A plea has been moved in the Supreme Court challenging the March 2020 decision of the Central government to appoint a Delimitation Commission to redraw the constituencies of Jammu and Kashmir, reported news agency IANS.
The plea moved by Haji Abdul Gani Khan and Dr. Mohammad Ayub Mattoo, both residents of Kashmir, sought directions seeking a declaration that an increase of number of seats from 107 to 114 in the union territory of Jammu & Kashmir is ultra vires the constitutional provisions such as Articles 81, 82, 170, 330, and 332 and statutory provisions particularly under section 63 of the Jammu & Kashmir Reorganisation Act, 2019.
The plea also urged the top court to issue a direction to declare notification issued on March 6, 2020 constituting the Delimitation Commission to take up delimitation in the UT of J-K and states of Assam, Arunachal Pradesh, Manipur and Nagaland as violative of Article 14 of the Constitution.
“In fact, in the State of Jammu and Kashmir, the census operation was completed in 2001, but the delimitation was done in 1995. Even on this count, the entire process adopted is unconstitutional as there was no population census operation during 2011 at all for Jammu and Kashmir,” said the plea.
The plea argued that if August 5, 2019 was to unite the Jammu and Kashmir state with India, then the delimitation process defeats the “new order” of one nation and one Constitution in the country. It said: “While Article 170 of the Constitution of India provides that the next delimitation in the country will be taken up after 2026, why has the UT of Jammu and Kashmir been singled out?”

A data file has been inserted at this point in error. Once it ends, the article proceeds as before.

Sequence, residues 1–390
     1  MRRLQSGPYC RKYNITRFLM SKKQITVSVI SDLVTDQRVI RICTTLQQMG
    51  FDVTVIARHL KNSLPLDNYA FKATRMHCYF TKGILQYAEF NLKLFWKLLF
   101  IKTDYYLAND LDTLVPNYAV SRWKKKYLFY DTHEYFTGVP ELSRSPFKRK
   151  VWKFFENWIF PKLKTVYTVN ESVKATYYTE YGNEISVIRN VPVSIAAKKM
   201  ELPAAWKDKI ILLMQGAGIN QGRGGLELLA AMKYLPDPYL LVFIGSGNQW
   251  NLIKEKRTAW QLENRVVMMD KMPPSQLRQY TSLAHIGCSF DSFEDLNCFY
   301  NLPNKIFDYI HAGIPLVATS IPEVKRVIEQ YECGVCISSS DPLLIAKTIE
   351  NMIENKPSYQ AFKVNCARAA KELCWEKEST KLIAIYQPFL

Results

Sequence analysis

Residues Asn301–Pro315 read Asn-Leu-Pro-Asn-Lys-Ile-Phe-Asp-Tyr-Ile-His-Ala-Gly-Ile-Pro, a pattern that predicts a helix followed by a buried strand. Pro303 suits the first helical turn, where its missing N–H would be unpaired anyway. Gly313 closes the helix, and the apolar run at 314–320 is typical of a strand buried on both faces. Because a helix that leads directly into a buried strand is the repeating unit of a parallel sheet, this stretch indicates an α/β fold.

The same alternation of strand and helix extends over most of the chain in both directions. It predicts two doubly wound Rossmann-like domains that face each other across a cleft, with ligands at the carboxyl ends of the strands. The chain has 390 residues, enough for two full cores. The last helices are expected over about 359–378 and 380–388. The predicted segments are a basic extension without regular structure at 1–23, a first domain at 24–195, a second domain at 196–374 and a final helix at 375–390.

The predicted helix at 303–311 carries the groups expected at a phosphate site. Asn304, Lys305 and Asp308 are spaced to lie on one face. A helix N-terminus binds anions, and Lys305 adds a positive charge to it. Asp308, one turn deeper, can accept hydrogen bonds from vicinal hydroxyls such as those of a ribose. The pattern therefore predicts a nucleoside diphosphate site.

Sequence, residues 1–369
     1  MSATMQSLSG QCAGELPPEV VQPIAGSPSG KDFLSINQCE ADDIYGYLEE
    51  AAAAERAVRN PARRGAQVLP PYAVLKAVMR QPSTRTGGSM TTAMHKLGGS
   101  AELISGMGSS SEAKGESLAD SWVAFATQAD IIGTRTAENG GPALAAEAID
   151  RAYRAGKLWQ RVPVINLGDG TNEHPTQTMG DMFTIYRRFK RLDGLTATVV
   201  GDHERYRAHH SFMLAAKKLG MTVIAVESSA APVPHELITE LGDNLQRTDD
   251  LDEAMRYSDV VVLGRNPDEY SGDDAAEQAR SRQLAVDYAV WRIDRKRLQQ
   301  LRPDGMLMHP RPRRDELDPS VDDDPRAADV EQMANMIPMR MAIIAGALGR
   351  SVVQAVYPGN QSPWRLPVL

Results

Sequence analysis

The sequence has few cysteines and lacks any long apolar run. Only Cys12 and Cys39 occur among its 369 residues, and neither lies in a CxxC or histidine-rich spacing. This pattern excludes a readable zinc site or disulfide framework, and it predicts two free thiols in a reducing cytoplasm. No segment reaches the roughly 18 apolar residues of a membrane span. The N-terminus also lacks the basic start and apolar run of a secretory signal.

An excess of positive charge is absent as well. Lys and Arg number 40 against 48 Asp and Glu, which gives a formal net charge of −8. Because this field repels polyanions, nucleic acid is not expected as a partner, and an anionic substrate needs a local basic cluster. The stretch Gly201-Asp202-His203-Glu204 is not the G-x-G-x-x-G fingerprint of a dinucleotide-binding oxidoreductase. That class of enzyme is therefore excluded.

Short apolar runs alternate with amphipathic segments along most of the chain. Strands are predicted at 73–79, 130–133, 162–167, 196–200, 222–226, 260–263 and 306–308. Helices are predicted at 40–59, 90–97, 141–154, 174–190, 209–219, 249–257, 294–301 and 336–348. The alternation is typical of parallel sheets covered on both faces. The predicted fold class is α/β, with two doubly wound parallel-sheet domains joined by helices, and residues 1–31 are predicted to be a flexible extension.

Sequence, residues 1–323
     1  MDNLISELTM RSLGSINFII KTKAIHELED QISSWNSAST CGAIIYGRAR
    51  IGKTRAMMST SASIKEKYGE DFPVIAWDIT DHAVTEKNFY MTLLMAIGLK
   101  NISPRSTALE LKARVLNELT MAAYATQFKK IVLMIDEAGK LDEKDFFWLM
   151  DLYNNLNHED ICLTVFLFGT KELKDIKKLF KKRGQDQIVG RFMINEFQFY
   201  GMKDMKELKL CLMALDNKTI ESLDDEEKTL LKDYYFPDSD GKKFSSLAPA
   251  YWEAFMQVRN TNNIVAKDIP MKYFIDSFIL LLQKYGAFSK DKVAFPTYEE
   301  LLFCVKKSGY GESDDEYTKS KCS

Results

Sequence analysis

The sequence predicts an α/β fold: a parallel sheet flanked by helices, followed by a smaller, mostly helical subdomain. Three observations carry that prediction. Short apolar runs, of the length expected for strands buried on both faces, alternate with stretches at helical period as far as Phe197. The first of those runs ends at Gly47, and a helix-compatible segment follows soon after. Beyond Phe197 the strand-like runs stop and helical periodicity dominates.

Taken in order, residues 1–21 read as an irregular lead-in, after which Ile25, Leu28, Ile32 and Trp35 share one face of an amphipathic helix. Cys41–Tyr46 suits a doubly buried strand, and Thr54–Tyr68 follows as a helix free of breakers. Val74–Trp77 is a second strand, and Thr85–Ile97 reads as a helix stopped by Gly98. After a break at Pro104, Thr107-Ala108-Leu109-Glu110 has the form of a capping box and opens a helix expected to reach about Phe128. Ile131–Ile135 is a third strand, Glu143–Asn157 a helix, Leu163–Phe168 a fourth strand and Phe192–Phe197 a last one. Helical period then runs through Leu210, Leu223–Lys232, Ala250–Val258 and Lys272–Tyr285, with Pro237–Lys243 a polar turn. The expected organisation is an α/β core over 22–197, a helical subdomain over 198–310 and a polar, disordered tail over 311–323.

The plea added that after the census of 2001, the Jammu and Kashmir Assembly amended ‘Section 47’ of the Jammu and Kashmir Constitution, vide the Jammu and Kashmir (Twenty-nine amendment) Act, 2002, to put on hold the delimitation exercise till after 2026, identical to and in tune with Article 170 of the Indian Constitution.
“Issuance of Notification by the Law and Legislative Department appointing the Delimitation Commission is without jurisdiction, unconstitutional and ultra vires to the election laws apart from J-K Reorganisation Act, 2019,” it added.
The plea contended that any move to increase the number of seats in Jammu and Kashmir must be preceded by a constitutional amendment, besides the amendment of elections laws, namely, the Delimitation Act, 2002 and the Representation of People Act, 1950.
It added that the Delimitation Commission had issued guidelines and methodology for the Delimitation of Assembly and parliamentary constituencies on July 5, 2004, along with the constitutional and legal provisions. “It clearly stated that the total number of existing seats in the Legislative Assemblies of all states, including UTs of the National Capital Region and Pondicherry, as fixed based on the 1971 census shall remain unaltered till the first census to be taken after the year 2026,” it added.